The Soweto uprisings of June 1976, 45 years ago, were a turning point in South African history. In the light of subsequent events, such as “Rhodes must Fall” and the betrayal of poor black people by the ANC, they deserve deeper consideration.
June 1976 shocked both the ruling party and the party that was later to rule. Until then, it had been possible for the ruling National Party (NP) to fool itself that apartheid could work. After that, it was not. Apartheid was never more than an excuse for continued white minority rule. Its intellectual leader, Dr Verwoerd, tried to put a moral gloss on it by saying the different races had to be forcibly separated to protect their cultures. If they were allowed to mix, the superior European culture and languages would overwhelm the African ones (which is exactly what happened afterwards). I don’t think the masters of apartheid intended black people to suffer cruelty and humiliation, but when that happened, they didn’t care. The economic folly of apartheid made its whole edifice as brittle as thin glass. The Soweto riots cracked it apart. Thereafter the NP began an uncertain retreat from apartheid, trying to reform while retaining minority rule. The process was similar to that in the Soviet Union in the 1980s, where the Marxist rulers tried to reform communism, which apartheid resembled in many ways. Both attempts at reform ended in complete dissolution.
The shock to the ANC from 1976 was as great. The ANC discovered to its horror that it had lost authority among the black masses. The Soweto riots had been led by the PAC (Pan African Congress) and the Black Power movement, inspired by leaders such as Steve Biko. The ANC did not welcome these other anti-apartheid forces. On the contrary, it hated them. The ANC showed that its primary aim was not to end apartheid but to stop anybody else ending it. It sought power for itself, not freedom for the people. It regrouped into a violent terror organisation, getting ideas from communist Vietnam, waging war on poor black people in the townships. (The best history of this is “People’s War” by Anthea Jeffery.) The ANC used novel methods of terror, such as the “necklace”, where the victim was roasted to death when a petrol-filled tyre round his neck was set alight. It didn’t really matter what crime the victim was accused of. In fact, the vaguer the crime the better, since this made everyone even more terrified of defying the ANC killers in any way.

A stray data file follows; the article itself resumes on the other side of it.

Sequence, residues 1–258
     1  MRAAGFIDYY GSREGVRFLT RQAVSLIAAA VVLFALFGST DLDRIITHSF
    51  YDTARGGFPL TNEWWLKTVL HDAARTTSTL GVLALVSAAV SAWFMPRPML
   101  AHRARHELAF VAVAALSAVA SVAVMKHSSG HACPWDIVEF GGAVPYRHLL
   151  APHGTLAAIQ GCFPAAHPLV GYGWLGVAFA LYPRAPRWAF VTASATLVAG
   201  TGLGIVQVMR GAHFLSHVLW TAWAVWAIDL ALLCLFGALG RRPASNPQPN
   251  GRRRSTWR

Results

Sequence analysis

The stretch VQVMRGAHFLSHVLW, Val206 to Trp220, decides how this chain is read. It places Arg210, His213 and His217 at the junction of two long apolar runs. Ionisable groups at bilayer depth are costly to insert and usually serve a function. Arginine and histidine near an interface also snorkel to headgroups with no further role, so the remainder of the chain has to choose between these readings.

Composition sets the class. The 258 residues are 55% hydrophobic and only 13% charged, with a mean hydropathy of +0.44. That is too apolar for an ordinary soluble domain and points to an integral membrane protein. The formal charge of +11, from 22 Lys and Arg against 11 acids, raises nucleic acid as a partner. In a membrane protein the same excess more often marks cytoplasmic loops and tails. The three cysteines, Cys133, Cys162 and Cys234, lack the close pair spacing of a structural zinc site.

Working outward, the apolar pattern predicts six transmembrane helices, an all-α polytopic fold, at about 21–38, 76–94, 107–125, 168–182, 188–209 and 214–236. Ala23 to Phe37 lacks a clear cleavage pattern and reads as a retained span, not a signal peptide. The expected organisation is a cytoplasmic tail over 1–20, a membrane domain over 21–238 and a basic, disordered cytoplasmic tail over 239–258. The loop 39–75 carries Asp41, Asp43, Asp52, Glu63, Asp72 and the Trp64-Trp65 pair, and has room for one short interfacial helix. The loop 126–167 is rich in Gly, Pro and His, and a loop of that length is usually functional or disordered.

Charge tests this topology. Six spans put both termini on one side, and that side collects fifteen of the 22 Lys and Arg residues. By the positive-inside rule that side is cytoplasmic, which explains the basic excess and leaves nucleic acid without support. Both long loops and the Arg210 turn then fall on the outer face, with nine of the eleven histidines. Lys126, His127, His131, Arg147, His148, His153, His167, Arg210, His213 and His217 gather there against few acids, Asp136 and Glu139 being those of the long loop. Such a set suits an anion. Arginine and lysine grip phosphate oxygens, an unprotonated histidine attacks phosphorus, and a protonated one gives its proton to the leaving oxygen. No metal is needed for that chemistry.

As the NP made real reforms, notably the recognition of black trade unions in 1979 and the repeal of the Pass Laws in 1986, the ANC increased its violence, confirming that its aim was not ending apartheid but winning power. When apartheid essentially ended in 1990, and the way was open for any black party to replace it, the ANC went berserk and political murders rose to an all-time high.
Looking back, I don’t think we should be any better off if another black party, such as the PAC, had won in 1994. Robert Sobukwe of the PAC had the moral stature of Nelson Mandela (and was even more cruelly treated by apartheid) but the PAC foot soldiers were as thuggish as those of the ANC. The slaughter of eleven worshippers by the PAC in St James Church, Cape Town, in 1993, long after apartheid had ended, was as bad as any ANC atrocity. There are deeper reasons for the failure of democratic government in South Africa than just the ANC.
The immediate cause of the children’s riots in 1976 was their protest against being taught in Afrikaans. Some commentators say that this was only a trigger for deeper discontent with apartheid. Maybe, but I think resentment of Afrikaans was more than just a trigger. It is telling that none of the children demanded to be taught in an African language. It seems they hated the idea. They demanded the colonial language, English. They wanted what all post-colonial Sub-Saharan African countries had, a European language as the official language. “I am an African! I demand English!”
The wishes of the 1976 children can be seen among well-off black children today. “Rhodes Must Fall!” means that his baubles, a few statues, must fall, but his deepest legacy, English as the universal language, must rise. There are more and more protests among wealthy black children attending private schools or Model-C schools that their African culture is not respected and white teachers are racists. Why don’t they go to state schools in the townships where the teachers are black and their black culture will be respected? The only answer I can think of is that they want the colonial culture and the colonial language while pretending they don’t. No wonder Helen Zille’s unfortunate tweet about some virtues of colonialism was so furiously condemned: everyone knew it was true.
June 1976 shows up complications and contradictions in our history. If only we could be more honest about them.
The views of the writer are not necessarily the views of the Daily Friend or the IRR
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